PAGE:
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Hazlitt’s Hotel

Hazlitt's Hotel
(James Merrell)

Dating back to 1718, this string of town houses was once home to essayist William Hazlitt. Duck into the library—there’s a long-standing tradition that authors who overnight here leave a signed copy of their work. Doubles from $260.

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20 Nevern Square

20 Nevern Square
(James Merrell)

Hand-carved furniture; overstuffed pillows; tasseled curtains: is this the Edwardian house of an eccentric Raj-era expat? No, it’s a joyously maximalist hotel in Earl’s Court. Book the Pasha Suite for a terrace on the square. 20 Nevern Square, Earl’s Court; 44-20/7565-9555; 20nevernsquare.com; doubles from $125.

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Main House

Main House
(James Merrell)

Former DJ and safari guide Caroline Main hand-selected every item, whether animal skin or original painting, for her four-suite hotel in a whitewashed house. The genial proprietor delivers piping-hot coffee every morning. Doubles from $175.

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The Jesmond

Jesmond Hotel
(Courtesy of Jesmond Hotel)

Among the many affordable bed-and-breakfasts clustered together in converted mansions in the Bloomsbury area, minutes’ walk from the central artery of Oxford Street, the Jesmond is a true standout. For starters, the same family has been in charge for more than 30 years—and they’re still as welcoming as on day one. The cozy rooms have marble fireplaces, while the English garden out back is a true neighborhood rarity. 63 Gower St.; 44-20/7636-3199; jesmondhotel.org.uk; doubles from $125.

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The Colonnade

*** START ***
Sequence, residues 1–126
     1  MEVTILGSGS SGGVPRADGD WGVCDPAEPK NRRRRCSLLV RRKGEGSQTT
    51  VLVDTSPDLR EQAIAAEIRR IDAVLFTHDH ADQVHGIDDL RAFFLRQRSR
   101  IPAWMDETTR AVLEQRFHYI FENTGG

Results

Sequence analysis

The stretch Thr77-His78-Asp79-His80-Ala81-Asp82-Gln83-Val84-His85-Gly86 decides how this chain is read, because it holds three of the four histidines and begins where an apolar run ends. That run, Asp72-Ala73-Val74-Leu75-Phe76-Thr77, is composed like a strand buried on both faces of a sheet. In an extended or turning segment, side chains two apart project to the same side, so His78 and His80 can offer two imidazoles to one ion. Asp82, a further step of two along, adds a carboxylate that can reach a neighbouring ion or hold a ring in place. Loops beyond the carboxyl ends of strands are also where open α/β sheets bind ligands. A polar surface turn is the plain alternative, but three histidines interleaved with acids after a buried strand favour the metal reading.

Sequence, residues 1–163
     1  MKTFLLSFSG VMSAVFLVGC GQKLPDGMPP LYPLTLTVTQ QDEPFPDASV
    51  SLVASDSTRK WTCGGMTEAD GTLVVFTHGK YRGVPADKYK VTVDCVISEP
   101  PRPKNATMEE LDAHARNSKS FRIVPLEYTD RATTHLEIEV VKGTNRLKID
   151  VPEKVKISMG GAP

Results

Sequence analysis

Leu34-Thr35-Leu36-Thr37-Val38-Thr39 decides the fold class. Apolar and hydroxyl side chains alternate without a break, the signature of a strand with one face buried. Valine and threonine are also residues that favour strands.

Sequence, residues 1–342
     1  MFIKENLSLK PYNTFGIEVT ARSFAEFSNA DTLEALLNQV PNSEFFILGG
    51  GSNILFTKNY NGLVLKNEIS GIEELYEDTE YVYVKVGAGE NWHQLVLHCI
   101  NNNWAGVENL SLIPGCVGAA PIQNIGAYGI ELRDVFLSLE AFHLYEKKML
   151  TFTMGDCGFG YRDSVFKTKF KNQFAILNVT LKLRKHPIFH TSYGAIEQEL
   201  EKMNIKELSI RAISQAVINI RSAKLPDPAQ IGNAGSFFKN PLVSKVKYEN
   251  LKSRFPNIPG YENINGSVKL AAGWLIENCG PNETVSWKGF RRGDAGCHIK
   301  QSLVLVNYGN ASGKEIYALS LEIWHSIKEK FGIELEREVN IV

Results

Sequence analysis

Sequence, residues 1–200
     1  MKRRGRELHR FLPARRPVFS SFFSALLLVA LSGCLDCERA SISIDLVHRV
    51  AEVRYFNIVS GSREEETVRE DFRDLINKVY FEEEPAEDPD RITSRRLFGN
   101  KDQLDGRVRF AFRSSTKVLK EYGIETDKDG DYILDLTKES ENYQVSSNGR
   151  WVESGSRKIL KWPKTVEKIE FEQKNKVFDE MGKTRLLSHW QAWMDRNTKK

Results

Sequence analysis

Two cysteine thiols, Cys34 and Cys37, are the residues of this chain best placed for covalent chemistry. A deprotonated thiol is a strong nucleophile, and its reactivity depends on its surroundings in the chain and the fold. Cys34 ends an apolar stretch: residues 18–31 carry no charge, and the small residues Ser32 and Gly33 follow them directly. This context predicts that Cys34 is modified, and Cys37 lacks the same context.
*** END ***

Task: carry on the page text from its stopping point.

The Colonnade
(Courtesy of The Colonnade)

Little Venice is one of London’s most unjustly overlooked areas, and between its waterways you’ll find this 43-room hotel created by merging two Victorian mansions. (JFK and Sigmund Freud are both past guests after whom suites are now named.) The interiors look much like an artsy aunt’s trinket-filled guesthouse. From giant vases of fresh flowers in reception to four-posted beds and heavy silk drapes, the look is utterly English and terribly charming. 2 Warrington Crescent; 44-20/7286-1052; theetoncollection.co.uk; doubles from $309.

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Forty Winks

40 Winks
(Courtesy of 40 Winks)

The name’s a tip-off to the witty décor and vibe at this stylish micro-hotel, run by interior designer David Carter. He repurposed an old Queen Anne townhouse on a grubby strip in Mile End, one of the capital’s fast-gentrifying districts. Carter now welcomes guests to one of two specially designed rooms, which look as if Dorian Gray had renovated a Venetian palazzo (lots of gold, exquisite antiques, too-much-is-never-enough aesthetics). 109 Mile End Rd.; 44-20/7790-0259; 40winks.org; singles from $164 per night, doubles from $274, including breakfast.